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commit 8942fcc4971b96682830b4cd7b6be10524d7c5c0
parent 277f9ad5aef6205de7660f895ca831492dd22d5c
Author: z3bra <>
Date:   Thu, 28 Aug 2014 16:28:12 +0200

New article !

2014/08/shred-configh.txt | 153+++++++++++++++++++++++++++++++++++++++++++++++++++++++++++++++++++++++++++++++ | 3++- | 8++++----
index.txt | 9++++++++-
4 files changed, 167 insertions(+), 6 deletions(-)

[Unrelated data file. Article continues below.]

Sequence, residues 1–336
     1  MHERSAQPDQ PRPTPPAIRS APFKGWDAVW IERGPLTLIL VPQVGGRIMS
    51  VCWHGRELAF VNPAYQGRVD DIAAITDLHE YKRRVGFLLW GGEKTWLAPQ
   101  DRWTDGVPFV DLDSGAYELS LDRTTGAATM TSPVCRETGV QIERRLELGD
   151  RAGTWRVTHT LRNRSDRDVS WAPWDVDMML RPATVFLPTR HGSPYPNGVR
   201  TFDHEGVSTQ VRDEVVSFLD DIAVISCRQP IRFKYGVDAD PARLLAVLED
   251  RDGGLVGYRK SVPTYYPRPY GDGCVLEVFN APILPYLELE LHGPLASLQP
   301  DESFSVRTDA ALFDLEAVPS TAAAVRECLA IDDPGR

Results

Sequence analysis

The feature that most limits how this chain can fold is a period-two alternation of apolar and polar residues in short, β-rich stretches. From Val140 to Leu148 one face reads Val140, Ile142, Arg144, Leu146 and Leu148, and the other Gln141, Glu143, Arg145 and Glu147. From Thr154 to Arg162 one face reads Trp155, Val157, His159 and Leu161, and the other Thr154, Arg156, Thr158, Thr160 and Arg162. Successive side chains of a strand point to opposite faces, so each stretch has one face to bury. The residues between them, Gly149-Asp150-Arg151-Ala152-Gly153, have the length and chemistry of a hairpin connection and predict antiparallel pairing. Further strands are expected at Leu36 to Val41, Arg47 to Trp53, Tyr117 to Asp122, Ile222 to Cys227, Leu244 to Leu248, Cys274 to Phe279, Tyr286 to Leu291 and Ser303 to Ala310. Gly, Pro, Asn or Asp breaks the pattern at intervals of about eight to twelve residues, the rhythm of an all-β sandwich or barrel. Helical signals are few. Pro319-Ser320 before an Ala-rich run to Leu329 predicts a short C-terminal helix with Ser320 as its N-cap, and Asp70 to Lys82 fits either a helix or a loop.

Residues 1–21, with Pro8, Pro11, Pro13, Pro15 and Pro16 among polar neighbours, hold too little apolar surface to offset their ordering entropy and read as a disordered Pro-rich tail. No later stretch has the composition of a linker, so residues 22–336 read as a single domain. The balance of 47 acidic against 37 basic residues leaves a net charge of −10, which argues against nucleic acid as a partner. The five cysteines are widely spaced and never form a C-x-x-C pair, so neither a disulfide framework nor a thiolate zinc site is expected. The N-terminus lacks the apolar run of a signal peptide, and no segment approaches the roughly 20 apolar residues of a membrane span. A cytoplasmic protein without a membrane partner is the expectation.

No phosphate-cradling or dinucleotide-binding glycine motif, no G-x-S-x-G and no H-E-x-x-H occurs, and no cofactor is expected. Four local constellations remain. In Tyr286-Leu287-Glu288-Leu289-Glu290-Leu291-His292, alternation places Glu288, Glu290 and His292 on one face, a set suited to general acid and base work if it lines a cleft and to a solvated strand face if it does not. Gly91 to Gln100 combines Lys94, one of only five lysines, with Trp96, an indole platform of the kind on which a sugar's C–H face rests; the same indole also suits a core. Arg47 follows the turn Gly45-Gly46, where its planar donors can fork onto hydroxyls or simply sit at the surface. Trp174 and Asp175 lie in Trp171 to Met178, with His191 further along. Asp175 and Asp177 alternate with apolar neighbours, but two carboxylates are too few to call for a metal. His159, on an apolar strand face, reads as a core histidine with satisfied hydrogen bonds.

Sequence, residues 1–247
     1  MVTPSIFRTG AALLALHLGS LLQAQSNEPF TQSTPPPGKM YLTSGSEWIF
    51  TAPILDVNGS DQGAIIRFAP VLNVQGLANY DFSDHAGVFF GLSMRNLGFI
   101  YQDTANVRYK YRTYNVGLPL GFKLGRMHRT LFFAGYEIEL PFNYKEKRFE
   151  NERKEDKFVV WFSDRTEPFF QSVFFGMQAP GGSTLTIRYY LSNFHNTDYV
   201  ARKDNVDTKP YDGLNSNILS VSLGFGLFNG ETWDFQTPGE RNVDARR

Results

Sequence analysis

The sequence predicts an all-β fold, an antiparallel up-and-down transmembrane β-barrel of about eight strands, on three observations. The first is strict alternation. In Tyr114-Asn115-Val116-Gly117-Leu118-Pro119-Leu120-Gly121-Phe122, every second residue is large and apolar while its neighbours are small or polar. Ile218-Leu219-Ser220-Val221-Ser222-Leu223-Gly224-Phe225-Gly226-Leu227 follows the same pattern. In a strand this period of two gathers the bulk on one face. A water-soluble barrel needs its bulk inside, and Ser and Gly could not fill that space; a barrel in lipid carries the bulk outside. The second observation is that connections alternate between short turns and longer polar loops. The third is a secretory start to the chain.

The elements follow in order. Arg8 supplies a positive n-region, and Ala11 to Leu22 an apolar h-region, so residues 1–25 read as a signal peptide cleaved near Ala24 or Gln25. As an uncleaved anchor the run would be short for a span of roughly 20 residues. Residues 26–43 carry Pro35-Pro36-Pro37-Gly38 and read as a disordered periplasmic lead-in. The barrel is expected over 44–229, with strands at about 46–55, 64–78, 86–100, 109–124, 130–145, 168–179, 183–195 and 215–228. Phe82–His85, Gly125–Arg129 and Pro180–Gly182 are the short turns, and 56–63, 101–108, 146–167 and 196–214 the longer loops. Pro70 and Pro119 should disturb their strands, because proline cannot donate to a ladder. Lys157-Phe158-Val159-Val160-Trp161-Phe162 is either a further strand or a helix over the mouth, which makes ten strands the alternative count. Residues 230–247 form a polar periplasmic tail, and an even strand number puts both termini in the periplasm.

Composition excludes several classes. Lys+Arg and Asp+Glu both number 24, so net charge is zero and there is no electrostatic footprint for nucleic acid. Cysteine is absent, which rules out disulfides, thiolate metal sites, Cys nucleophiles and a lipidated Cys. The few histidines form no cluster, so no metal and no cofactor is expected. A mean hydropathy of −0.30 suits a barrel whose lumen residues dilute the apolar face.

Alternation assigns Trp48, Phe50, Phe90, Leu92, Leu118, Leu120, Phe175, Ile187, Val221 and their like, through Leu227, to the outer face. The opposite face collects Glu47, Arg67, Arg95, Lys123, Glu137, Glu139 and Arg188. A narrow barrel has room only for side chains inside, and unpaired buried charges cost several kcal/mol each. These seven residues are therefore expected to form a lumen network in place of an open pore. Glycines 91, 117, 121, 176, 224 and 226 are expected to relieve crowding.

diff --git a/2014/08/shred-configh.txt b/2014/08/shred-configh.txt @@ -0,0 +1,153 @@ +# [shred config.h](#) +## &mdash; 27 August, 2014 + +As an accomplished Linux user, you have, at some point, had to deal with +softwares that are configured at compilation time. + +If you never ran into those kind of programs, don't worry, you will one day. +The problem is that configuring this kind of software can be really frustrating, +so I'll show you a way to make these a bit more bearable. + + +### Some background + +Since the beginning, many programs running on Linux have been written in C. C is +a low-level programming language, which means that the machine can *almost* +understand it. For the machine to run the program, you have to translate the +source code into an executable binary file: This is called "**Compilation**". + +The compilation is irreversible, so you can't modify a program once it's +compiled. It means that if you want to change the configuration of a software, +you have two possibilities: + +* Modify the cofiguration file +* Modify the source code + +Most of the time, softwares include an external configuration (like +`~/.bashrc`) to enable on-the-fly configuration. change config file, restart +software, and you're done. +But in some special cases, such a file can't be used for configuration. the +reason behind that is: speed, simplicity, stability and reliability. + + +### How does it work ? + +In order to make things easier for the user, the developpers (usually) create a +file named `config.h` where the configuration happens. You don't need +programming knowledge to edit it. + +I like those programs, even though it can be a pain to handle sometimes. The +typical approach with these is the following: + + ─── cd ~/src/c/program + ─── cp config.def.h config.h + ─── vim config.h + ─── make + CC program.c + LD program + ─── ./program + +And you repeat these tasks until you get the behavior you want. +It does not seem hard to do. But on the long term, it can be painful... Also, if +you maintain some packages, it's even harder, because you always have to switch +between your own file, and the default one. Because you use your version, but +you package the software with the default values. So you keep doing this all the +time (on Archlinux for example) : + + ─── cp src/<pkgname>/config.def.h z3bra.h + ─── vim z3bra.h + ─── cp z3bra.h config.h + ─── makepkg -si + ─── vim PKGBUILD + ─── cp src/<pkgname>/config.def.h config.h + ─── makepkg -S + +This. Over and over. You replace your config with the default one, send the +package, recompile the package for you... *sigh* It's **really** boring ! + + + +### Deal with it + +First of all, I had to find an easy way to recompile and reinstall the software +on my computer. I use source-based distributions on my computers (Archlinux, +Crux, Alpine Linux), so it was not really hard. All I had to do was to create a +port for the said software, and include my own files in the building process. +For example, here is the typical `PKGBUILD` I use: + + pkgname=<name> + pkgver=<version> + pkgrel=1 + pkgdesc=<description> + arch=('i686' 'x86_64') + url=<url> + license=('GPL') + depends= + conflicts= + makedepends=('git') + source=("$pkgname::git+<gitsource>" 'config.h') + md5sums=('SKIP' 'SKIP') + + build() { + cp config.h $pkgname/config.h + cd $pkgname + make + } + package() { + cd $pkgname + make DESTDIR=$pkgdir install + } + +Now my file will be copied over before compilation, so all I have to do now is +`makepkg -fi`, and the sources will be updated, compiled and installed. + +The compilation/installation part being set up + +The first problem I had is that you need to keep the sources on your +computer, or at least the `config.h` of all the software you use. For this, I +created a special directory in my `$HOME` to hold all the different versions of +those files: + + ─── tree ~/.hm.d + /home/z3bra/.hm.d/ + ├── 2bwm + │ ├── config.def.h + │ └── z3bra.h + └── tmenu + ├── bright.h + ├── config.def.h + └── dark.h + + 2 directories, 5 files + +Each directory is related to a software, and each file a specific configuration. +Now, I can keep track of all my config files, and they are all in the same +place. + +PROTIP: you can even version your ~/.hm.d directory, to keep track of the +changes you make ! + +I then wrote a small script: [hm]( +(for "Header Manager") to automate the process of saving/restoring +configurations. + +It will browse the `~/.hm.d` directory for specific config files, or the default +ones and replace them in the current folder, automating the config replacement. +Now my workflow is the following: + + ─── cd ~/usr/ports/<pkgname> + ─── vim ~/.hm.d/<pkgname>/$USER.h # edit personnal config + ─── hm -r <pkgname>/$USER.h # restore user's file + ─── makepkg -fi # build package for me + ─── hm -r <pkgname> # restore default config + ─── makepkg -S # create package for the community + +As the process is always the same, one could create a wrapper script to automate +all this even more, but I just don't bother. + + +And now you don't want to kill yourself anymore when dealing with these kind of +software ;) +I hope this trick will help somebody. If not, thanks for reading it anyway ! + +<!-- vim: set ft=markdown ts=4 et tw=80: --> diff --git a/ b/ @@ -18,7 +18,8 @@ PAGES = index.html \ 2014/05/grok-that-workflow.html \ 2014/07/planning-downtime.html \ 2014/07/name-that-domain.html \ - 2014/08/im-back-up.html + 2014/08/im-back-up.html \ + 2014/08/shred-configh.html FEEDS = rss/feed.xml EXTRA = css img vid errors favicon.ico diff --git a/ b/ @@ -11,10 +11,10 @@ cat << EOF <link></link> EOF -sed -e 's/^## .*$/<description>/' \ - -e 's/^$/<\/description>\\n<\/item>/' \ - -e 's/^# \[\(.*\)\](\(.*\))/<item>\n<title>\1<\/title>\n<guid>\2<\/guid>/' \ - -e 's/<guid>/&http:\/\/' $1 +sed -e "s/^## .*$/<description>/" \ + -e "s/^$/<\/description>\\n<\/item>/" \ + -e "s/^# \[\(.*\)\](\(.*\))/<item>\n<title>\1<\/title>\n<guid>\2<\/guid>/" \ + -e "s/<guid>/&http:\/\/" $1 cat << EOF </channel> diff --git a/index.txt b/index.txt @@ -1,6 +1,13 @@ +# [shred config.h](/2014/08/shred-configh.html) +## &mdash; 27 August, 2014 + +Have your ever wanted to kill yourself (or the dev) because you are tired of +dealing with those `config.h` files ? Let me introduce you a quick organisation +that will save you some headache. + # [I'm back up !](/2014/08/im-back-up.html) ## &mdash; 05 August, 2014 -... And I'm sorry about the inconvenience. Here's the reason of the downtime. +... And I'm sorry about the inconvenience. Here are the reason of the downtime. # [Name that domain](/2014/07/name-that-domain.html) ## &mdash; 10 July, 2014